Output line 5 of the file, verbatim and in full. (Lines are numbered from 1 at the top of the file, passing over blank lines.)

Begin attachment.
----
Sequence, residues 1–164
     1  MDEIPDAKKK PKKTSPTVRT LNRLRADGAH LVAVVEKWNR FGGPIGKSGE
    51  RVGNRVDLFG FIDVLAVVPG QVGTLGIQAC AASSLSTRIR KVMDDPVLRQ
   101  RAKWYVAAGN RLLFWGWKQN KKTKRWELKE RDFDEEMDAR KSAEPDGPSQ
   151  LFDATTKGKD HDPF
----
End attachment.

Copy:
   151  LFDATTKGKD HDPF